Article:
Will Wilkinson on discussing inequality with those who won’t define it

I really like this rant by Will Wilkinson, it reminds me of the sort of thing I wish I could write when I’m annoyed.

I’ll be honest, a lot of people out there talking about “let’s tackle inequality” aren’t actually interested in social justice, policy, the poor, or anything that matters – they are interested in looking cool to their friends and fitting into their “in-group”.  Running into these people and trying to discuss policy trade-offs is about as much fun as when, after breaking my leg, my teacher at primary school kept lifting me up to try to get me to stand because “it didn’t look broken” (Note:  She was a lovely teacher, it was just a particularly sore experience).  Here is the opener of his piece:

I’m tired of arguing about inequality. It’s frustrating. It’s unproductive. Nobody is really interested in the analytical arbitrariness and moral insidiousness of measuring intra-national economic inequality. Nobody is really interested in the fact that multiple mechanisms–some good, same bad, some neutral–can produce the same level of measured inequality, rendering the level of inequality, taken in isolation, completely useless as a barometer of social or economic justice. Nobody really cares. Because many different combinations of causes can produce the same level of inequality, it’s not so clear that high inequality, as such, can reliably cause anything. The consequences of inequality depend on the mechanisms driving inequality. Nobody cares.

Now, there is some disagreement from me here.  It is not nobody.  Most people do care.  Most people are interested in justice and fairness, but do not have the time or inclination to spend thousands of hours learning about definitions and subtleties in these things.  Will (and myself) mainly hear from people who actually don’t care – and just want attention, or want to be a future politician or unbearable rock star, but a significant majority of the public do care and want it described to them in a way they can trust.

This is why I agree with my own tweet:

In this way, we aren’t trying to convince the narrow minded, self righteous, egotists that they are misrepresenting matters – that is a fool’s errand.  Often we are solely making these arguments, and publicly describing these ideas and data, in order to help inform (and maybe persuade) the large number of individuals who are interested in how these measures and representations of reality confirm to their own view of social justice – it is about how we communicate these ideas for public consumption and critique.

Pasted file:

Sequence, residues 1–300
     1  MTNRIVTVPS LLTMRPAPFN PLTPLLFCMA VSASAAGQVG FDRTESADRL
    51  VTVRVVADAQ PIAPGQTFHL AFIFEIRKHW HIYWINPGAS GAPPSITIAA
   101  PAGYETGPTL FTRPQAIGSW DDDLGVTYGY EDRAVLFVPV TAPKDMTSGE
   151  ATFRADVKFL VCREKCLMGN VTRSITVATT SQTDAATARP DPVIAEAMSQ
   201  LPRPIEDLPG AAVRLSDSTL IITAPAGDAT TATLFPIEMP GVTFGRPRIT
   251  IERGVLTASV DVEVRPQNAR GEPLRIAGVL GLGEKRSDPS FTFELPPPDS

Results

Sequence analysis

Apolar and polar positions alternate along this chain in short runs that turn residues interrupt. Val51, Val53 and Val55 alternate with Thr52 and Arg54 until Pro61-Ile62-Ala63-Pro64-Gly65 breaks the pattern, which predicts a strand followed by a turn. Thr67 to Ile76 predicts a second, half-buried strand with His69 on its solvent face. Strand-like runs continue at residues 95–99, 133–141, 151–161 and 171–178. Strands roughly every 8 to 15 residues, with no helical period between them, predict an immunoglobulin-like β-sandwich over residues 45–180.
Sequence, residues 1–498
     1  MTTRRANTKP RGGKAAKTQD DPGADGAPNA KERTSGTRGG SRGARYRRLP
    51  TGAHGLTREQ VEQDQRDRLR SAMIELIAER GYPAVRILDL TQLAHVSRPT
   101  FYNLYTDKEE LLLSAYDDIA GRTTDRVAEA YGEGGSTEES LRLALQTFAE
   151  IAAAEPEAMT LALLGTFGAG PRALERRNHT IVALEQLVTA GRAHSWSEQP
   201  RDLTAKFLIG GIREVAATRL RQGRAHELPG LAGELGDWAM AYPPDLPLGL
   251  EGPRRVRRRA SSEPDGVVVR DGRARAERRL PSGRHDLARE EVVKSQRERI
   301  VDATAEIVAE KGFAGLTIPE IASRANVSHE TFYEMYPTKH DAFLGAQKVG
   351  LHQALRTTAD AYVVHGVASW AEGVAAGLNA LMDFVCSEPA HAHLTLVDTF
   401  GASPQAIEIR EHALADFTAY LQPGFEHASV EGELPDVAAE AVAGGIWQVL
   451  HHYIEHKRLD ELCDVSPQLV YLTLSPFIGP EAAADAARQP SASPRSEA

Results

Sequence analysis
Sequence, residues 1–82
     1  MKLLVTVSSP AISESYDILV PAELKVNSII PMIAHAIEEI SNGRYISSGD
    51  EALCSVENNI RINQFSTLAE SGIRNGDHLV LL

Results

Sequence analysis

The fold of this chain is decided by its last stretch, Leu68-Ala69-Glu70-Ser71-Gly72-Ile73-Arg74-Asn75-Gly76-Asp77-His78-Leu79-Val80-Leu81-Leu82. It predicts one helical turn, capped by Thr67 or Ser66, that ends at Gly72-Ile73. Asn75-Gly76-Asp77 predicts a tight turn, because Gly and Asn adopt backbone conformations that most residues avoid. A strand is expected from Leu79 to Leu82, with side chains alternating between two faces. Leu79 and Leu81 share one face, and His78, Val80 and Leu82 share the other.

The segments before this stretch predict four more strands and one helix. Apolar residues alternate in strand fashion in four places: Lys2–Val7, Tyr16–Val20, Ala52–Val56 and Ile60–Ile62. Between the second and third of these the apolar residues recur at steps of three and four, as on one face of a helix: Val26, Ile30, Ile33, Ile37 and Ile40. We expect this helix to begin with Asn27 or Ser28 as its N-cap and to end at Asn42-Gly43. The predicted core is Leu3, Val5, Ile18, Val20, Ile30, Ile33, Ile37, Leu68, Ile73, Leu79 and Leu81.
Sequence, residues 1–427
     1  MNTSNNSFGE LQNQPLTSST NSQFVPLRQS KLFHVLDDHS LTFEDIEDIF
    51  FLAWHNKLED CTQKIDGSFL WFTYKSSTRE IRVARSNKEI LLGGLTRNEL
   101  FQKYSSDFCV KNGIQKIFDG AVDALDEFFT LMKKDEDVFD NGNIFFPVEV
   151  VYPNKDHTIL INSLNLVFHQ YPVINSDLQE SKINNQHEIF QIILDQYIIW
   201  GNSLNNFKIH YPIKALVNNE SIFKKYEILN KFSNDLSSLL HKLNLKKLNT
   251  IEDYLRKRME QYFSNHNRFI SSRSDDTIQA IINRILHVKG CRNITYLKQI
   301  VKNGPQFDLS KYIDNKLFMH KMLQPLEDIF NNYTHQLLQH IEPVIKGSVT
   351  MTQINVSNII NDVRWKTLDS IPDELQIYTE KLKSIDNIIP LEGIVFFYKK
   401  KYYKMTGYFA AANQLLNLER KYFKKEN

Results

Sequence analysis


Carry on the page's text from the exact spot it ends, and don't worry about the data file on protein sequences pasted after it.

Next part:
I have talked to a myriad of people who, once you explain why statistical measures of “inequality” are not the same as the human concept of “inequality as injustice” nod and agree that this is sensible, and that we should really be targeting “need” and “opportunity” rather than “outcomes”.  It can be hard, as politicians and their fans have co-opted words like inequality, need, and opportunity and turned them into things they are not.  This saddens me, but also makes me realise that – in my tiny little corner of the internet I should make sure I define these terms (and test myself by making sure I actually can) and leave them open to scrutiny.

This is what Will does with blogging, this is what I attempt to do with blogging, and it is what I hope even more social scientists out there will do with blogging.

  • Kimble

    I have said it a number of times on this blog: the only way economists will gain traction against the egotists is to ridicule them into shamed obscurity.

    • Indeed I know this is your view, and there are appropriate times and arguments for that.

      However, sometimes people have excessive certainty but still mean well – if they are willing to listen, it is best to try and engage.

      I try to balance it with my comments policy when someone comes on and is being rude to me. I’ll be nice the first time but ask them to tone it back, if they do a second one I will strongly warn them, if they then do a third time I’ll tear into them – tis all about balance 🙂

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